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Updated: 02/24/02

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Not Exactly What I Had in Mind
by Rosemary Breslin


longer days

Sunday, 24 February, 2002

Uh oh. Houston, we may have a problem. That little Algae Eater I bought last weekend has done such a good job that he's run out of food. Now he chasing the angel fish around the tank trying to suck whatever algae or other stuff they may have on their skin. Rather amusing, considering how rude they were to him.

[The tank looks great, BTW.]

Went skating in the park this morning. Much cooler than last week, but it was nice, sunny and not windy. Did half "The Drives" - about 8 miles or so. Not nearly as many people this week. Wimps.

I skate along the Schuylkill River in Fairmount Park. At one end of the bike/skate/running path is an area called Boathouse Row - a group of Victorian houses that are home to several rowing clubs dating back into the mid-1800's. At night they are outlined in lights, a really lovely sight reflected in the water.

Boathouse Row by Night

There are usually several sculls from various clubs out in the water every weekend, usually one or two person crafts, but as spring approaches, the bigger four and eight person shells are more common.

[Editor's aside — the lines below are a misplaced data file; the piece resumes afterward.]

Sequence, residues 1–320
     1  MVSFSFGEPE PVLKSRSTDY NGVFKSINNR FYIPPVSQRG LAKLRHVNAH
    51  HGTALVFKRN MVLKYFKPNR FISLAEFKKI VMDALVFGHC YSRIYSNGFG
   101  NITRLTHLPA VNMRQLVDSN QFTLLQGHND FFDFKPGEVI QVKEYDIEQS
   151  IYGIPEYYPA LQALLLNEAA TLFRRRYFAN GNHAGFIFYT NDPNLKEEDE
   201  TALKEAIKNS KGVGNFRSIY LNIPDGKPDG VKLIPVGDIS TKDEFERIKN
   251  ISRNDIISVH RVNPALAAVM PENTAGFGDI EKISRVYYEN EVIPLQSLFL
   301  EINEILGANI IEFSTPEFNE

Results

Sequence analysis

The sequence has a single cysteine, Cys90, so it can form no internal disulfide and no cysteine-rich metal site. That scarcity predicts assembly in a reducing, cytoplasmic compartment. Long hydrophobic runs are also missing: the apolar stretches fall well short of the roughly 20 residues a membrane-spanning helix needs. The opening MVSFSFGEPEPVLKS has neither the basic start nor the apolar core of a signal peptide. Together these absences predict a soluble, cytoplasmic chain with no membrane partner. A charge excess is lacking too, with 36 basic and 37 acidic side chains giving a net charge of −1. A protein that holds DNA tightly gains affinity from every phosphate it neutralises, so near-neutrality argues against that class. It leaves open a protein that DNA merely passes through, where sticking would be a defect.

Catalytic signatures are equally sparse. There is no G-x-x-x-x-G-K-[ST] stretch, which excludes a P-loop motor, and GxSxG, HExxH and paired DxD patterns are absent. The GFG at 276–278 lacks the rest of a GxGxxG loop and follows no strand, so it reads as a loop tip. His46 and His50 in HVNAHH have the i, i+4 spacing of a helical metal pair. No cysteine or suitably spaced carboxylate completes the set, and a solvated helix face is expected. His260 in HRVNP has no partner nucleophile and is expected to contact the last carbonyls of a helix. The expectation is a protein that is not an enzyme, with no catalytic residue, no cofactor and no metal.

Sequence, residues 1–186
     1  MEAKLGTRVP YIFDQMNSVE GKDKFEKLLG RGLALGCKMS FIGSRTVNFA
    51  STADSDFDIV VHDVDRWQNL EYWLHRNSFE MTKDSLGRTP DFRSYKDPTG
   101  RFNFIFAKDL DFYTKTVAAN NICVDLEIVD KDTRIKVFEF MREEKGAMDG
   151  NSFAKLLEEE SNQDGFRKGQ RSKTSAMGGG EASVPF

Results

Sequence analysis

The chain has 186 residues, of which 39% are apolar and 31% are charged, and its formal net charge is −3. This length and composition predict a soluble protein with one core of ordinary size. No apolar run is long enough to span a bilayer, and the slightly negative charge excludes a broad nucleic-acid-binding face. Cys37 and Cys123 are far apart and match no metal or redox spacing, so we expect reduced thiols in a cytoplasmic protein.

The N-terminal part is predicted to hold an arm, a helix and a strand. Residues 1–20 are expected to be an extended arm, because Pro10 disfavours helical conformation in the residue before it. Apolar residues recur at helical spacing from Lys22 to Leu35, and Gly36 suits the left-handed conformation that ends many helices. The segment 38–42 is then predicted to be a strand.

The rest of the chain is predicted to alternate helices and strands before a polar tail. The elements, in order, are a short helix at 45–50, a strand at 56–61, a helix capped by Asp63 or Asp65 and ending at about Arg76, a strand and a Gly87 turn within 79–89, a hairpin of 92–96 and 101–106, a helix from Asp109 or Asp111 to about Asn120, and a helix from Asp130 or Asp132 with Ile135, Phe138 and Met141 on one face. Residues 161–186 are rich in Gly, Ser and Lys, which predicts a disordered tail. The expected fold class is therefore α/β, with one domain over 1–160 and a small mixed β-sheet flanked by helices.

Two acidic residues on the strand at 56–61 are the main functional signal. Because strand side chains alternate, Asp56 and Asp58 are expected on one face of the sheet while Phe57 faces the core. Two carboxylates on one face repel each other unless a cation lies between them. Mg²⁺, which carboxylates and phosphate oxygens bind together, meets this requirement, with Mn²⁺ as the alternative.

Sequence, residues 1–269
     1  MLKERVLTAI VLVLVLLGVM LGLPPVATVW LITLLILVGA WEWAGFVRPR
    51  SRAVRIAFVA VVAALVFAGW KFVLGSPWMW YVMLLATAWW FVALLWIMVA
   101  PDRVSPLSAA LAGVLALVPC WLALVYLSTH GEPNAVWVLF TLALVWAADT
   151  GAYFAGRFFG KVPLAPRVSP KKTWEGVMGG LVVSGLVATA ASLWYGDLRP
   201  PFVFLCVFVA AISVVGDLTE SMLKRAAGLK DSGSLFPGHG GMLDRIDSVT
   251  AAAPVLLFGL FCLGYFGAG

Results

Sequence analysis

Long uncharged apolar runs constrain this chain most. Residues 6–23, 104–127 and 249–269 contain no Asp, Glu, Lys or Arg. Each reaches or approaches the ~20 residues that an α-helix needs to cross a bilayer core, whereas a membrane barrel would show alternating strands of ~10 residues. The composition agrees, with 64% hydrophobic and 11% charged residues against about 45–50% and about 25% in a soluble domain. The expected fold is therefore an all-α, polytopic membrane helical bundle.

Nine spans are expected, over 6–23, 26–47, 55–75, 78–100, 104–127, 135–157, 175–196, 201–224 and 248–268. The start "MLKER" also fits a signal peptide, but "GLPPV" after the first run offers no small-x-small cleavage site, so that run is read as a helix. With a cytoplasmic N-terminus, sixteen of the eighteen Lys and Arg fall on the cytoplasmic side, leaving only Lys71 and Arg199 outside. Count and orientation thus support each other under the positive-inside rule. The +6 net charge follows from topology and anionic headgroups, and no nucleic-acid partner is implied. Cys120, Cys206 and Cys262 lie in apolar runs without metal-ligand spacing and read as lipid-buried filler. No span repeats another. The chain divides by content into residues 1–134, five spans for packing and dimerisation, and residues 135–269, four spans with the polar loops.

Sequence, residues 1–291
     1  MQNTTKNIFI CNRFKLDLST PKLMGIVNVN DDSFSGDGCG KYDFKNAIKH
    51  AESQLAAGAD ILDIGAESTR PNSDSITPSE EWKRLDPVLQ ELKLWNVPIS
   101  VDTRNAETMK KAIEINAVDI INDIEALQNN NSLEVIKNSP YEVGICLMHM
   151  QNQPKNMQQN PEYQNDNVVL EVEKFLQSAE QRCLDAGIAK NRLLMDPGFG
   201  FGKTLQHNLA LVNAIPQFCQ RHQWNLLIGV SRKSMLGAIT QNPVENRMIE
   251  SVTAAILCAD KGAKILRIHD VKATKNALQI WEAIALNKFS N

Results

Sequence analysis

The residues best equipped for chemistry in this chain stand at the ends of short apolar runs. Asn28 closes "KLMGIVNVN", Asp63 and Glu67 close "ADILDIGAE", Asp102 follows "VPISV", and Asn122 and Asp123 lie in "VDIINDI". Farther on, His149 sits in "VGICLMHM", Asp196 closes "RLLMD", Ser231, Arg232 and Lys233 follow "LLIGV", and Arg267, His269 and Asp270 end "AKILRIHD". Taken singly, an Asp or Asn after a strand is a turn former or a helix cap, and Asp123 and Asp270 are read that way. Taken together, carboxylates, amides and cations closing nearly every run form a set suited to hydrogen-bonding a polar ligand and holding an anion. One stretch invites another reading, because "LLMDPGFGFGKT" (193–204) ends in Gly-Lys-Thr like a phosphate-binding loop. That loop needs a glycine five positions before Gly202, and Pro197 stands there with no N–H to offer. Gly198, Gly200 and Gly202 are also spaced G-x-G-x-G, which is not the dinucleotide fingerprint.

As I skated up the drive, I saw a big yellow eight person shell being readied for launch. It had a name painted at one end: Charles P. Colgan. I wondered about who Charles Colgan was and why his name was painted there. Was he a rower? Probably. When did he row? What did he win? Did he go by Charles or did he have a nickname?

A couple of years ago, my curiousity would have remained just that, but thanks to the Internet, here's what I found:

Charles P. Colgan was a former U.S. national and Canadian champion rower, Olympic rowing referee, and 45 year rowing coach. He died on 30 November, 1999 at his home in Ardmore, Pennsylvania after a brave battle with prostate cancer, at age 72. Charles Colgan came to fame as the stroke of the great University of Pennsylvania rowing crews in the late 1940s.

His passion, beginning in the 1950s, was to open rowing beyond the bounds of the then all-white, all-male Ivy League monopoly. In the ensuing 45 years, he initiated the first inner-city program for African-Americans in Philadelphia. By 1983, he extended that to the first rowing program in the USA for Special Olympians (mentally retarded athletes). From 1968 through 1994, he was an international referee or manager for 17 World Championship USA teams.

He and his wife, Mary, were married for fifty years, and had three sons and ten grandchildren. He went by the name "Chuck."

I was speaking with a friend of mine about the Olympic Games, speculating on how many of these althetes will be remembered beyond their 15 minutes of fame, outside of their sporting circles. Some althetes continue as a part of the public landscape: Jim Thorpe, Dorothy Hamil, Mark Spitz, Eric Heiden. But others, especially those in the "less glamorous" sports have their accomplishments recorded and quietly go back to their lives.

Chuck Colgan wasn't an Olympic Champion whose name brings instant recognition. But through the things that he did throughout his life, Chuck Colgan's legacy will continue on, even if the majority of the people that see his name on that bright yellow hull will never know anything about him.

~ ~ ~

Quote du jour:

"Fame is vapor,
popularity an accident,
riches take wings.
Only one thing endures
and that is character."

-- Horace Greeley (1811 - 1872)

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